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Whitehouse Twitter Townhall: A Success in Public Engagement or an Over-Scripted Setback?

Results are in from President Obama’s July 6 live question-answering Twitter session, and from what we can tell, Americans were more than eager participate with reports of over 40,000 questions coming in and over 110,000 individual Twitter messages sent during during the live event. However, it seems that the latest attempts of the Whitehouse to blend traditional media and social media in hopes of reaching people who really care about current political issues, may have fallen short of participants’ expectations of openness.

Many were unsatisfied by Obama’s town hall-style event, in which Twitter co-founder Jack Dorsey read questions aloud to him that were submitted via Twitter and chosen through a complicated process of hand-picking and algorithmic sorting that no one seems to fully understand.  According to the Nation’s Ari Melber the Town Hall was a low bar for online civic participation.

The White House walks a fine line of integrating new tools, engaging people, understanding their response and having a conversation with them, while maintaining a sense of control over the conversation that can easily become heated and out of control when dealing with domestic politics. There was quite a sense of bipartisan unease over the fact that the list of questioners who received direct answers from Obama, included New York Times’ Nicolas Kristof and House Speaker John Boehner, rather than making more of an effort to truly engage with the normal everyday citizen who was eager to converse and provide feedback and ask questions regarding issues that directly effect them.

Obama did have a glimmer of genuine interaction with “real” people, especially during a segment of the town hall devoted to parsing answers to a question he had posed via Twitter at the start of the event. Near the end of the event, something happened: Among the answers he solicited was one that seemed to catch him at a loss for words.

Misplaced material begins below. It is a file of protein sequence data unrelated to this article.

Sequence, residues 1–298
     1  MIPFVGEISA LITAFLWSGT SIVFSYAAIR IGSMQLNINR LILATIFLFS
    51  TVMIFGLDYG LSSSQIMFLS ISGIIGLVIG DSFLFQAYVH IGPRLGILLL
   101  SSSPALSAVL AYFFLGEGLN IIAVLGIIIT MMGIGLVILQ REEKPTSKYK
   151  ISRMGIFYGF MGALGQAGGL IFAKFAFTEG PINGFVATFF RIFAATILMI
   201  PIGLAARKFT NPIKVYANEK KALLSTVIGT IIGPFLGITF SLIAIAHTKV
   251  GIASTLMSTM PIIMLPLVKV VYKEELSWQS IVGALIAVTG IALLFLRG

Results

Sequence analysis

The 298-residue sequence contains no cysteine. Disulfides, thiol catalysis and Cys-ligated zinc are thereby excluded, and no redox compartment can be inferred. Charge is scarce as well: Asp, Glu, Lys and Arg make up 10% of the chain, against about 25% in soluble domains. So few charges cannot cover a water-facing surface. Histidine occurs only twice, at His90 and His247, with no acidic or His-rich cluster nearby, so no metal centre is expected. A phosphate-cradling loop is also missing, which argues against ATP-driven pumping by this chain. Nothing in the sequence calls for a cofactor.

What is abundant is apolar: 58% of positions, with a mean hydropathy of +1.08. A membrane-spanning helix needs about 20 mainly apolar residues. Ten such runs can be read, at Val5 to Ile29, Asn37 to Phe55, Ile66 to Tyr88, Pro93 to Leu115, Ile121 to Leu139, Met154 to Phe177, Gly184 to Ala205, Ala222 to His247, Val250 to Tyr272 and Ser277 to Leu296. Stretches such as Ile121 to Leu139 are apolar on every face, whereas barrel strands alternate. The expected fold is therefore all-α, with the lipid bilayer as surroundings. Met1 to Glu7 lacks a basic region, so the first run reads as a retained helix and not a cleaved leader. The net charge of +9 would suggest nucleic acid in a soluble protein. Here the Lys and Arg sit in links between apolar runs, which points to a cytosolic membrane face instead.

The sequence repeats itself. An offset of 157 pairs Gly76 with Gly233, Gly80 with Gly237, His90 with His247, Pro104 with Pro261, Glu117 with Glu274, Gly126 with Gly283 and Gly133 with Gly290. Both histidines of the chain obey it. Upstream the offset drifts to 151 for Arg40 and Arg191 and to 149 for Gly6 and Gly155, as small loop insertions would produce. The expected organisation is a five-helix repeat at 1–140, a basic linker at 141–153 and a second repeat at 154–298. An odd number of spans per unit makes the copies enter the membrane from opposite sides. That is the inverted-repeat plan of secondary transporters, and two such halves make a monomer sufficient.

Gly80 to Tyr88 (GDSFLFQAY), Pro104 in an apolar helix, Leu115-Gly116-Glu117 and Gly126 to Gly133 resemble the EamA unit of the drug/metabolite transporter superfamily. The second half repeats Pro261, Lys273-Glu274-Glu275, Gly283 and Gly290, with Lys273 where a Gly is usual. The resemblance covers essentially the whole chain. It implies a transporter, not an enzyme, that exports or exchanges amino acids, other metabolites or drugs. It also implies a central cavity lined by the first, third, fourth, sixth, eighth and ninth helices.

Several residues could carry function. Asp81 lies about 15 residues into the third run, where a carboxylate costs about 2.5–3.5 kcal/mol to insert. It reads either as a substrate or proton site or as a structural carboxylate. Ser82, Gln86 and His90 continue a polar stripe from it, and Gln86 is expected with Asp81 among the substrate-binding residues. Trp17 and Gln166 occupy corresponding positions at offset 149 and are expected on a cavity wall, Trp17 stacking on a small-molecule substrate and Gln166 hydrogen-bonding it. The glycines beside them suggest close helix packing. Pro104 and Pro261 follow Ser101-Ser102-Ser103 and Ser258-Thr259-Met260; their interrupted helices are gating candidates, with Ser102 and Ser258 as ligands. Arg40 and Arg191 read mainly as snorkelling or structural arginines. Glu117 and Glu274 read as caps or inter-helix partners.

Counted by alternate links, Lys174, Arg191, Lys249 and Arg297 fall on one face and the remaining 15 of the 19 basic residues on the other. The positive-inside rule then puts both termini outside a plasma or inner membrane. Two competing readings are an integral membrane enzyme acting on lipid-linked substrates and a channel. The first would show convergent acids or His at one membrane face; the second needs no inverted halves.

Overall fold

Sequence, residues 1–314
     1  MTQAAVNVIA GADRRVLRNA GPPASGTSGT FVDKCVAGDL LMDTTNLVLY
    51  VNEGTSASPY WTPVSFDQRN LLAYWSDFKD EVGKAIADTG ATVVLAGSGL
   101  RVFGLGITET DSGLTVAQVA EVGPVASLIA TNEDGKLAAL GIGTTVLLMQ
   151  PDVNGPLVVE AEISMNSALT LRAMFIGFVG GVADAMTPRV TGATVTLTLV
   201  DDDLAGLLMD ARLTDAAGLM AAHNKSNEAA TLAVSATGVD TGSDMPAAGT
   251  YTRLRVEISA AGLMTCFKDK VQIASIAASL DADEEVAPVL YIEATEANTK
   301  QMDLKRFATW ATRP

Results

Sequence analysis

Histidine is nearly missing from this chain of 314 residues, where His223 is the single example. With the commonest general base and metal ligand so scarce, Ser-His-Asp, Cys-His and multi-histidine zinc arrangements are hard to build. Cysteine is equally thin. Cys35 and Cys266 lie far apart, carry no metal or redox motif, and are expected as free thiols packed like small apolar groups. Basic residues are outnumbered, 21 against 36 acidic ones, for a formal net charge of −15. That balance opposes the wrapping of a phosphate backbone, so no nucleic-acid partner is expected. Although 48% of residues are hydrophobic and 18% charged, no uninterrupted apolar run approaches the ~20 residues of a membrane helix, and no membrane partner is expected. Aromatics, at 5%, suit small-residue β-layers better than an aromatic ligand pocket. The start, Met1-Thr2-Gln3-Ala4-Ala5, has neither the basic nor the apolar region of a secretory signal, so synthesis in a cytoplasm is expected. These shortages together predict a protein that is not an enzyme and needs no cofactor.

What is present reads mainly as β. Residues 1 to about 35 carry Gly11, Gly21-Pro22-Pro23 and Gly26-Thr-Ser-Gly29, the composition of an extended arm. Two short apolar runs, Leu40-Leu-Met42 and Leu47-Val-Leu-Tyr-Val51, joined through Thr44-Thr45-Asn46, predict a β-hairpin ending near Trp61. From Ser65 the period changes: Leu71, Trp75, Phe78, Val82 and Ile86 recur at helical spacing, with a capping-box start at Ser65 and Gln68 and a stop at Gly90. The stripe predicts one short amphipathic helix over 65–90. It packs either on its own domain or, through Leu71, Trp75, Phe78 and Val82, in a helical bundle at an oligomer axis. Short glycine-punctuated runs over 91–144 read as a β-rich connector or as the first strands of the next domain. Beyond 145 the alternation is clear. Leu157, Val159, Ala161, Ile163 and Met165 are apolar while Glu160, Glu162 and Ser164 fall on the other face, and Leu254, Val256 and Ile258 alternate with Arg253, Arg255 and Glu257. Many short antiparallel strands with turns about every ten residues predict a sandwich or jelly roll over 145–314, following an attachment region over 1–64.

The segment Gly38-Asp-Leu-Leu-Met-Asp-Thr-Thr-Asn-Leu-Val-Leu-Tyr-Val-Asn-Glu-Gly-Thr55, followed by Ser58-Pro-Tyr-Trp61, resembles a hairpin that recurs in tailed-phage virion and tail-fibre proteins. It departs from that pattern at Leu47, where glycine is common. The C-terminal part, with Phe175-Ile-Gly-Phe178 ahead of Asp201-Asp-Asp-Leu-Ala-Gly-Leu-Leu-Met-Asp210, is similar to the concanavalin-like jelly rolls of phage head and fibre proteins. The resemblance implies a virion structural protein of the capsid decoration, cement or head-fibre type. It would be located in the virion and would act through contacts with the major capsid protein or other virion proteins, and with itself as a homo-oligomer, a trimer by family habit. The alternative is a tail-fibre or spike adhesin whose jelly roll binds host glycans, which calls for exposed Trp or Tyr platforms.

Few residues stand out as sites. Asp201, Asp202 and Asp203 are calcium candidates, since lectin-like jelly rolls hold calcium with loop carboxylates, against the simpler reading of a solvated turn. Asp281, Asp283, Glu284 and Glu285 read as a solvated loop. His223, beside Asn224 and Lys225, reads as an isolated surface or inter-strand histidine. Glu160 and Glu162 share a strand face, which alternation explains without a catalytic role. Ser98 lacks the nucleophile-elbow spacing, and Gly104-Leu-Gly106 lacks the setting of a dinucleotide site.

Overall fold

One participant wrote: "I’d cut costs by cutting some welfare programs," one Twitter user wrote. "People will never try harder when they are handed everything."

Obama stammered a bit, then he gave a seemingly unscripted answer, one that served as a conclusion for the event.

"You and I are sitting here because somebody, somewhere, made an investment in our futures," he said at the end of his remarks, according to a White House transcript of the event. "We’ve got the same obligation for the folks who are coming up behind us. We’ve got to make sure that we’re looking out for them, just like the previous generations looked out for us. And that’s what I think will help us get through what are some difficult times and make sure that America’s future is even brighter than the past."

Our hope for the future of this type of government initiated public involvement is that the Whitehouse continues their efforts to gain a better understanding of civic engagement online, and that the American people will be able to experience more unscripted moments like these.

[Inspired by TechPresident]


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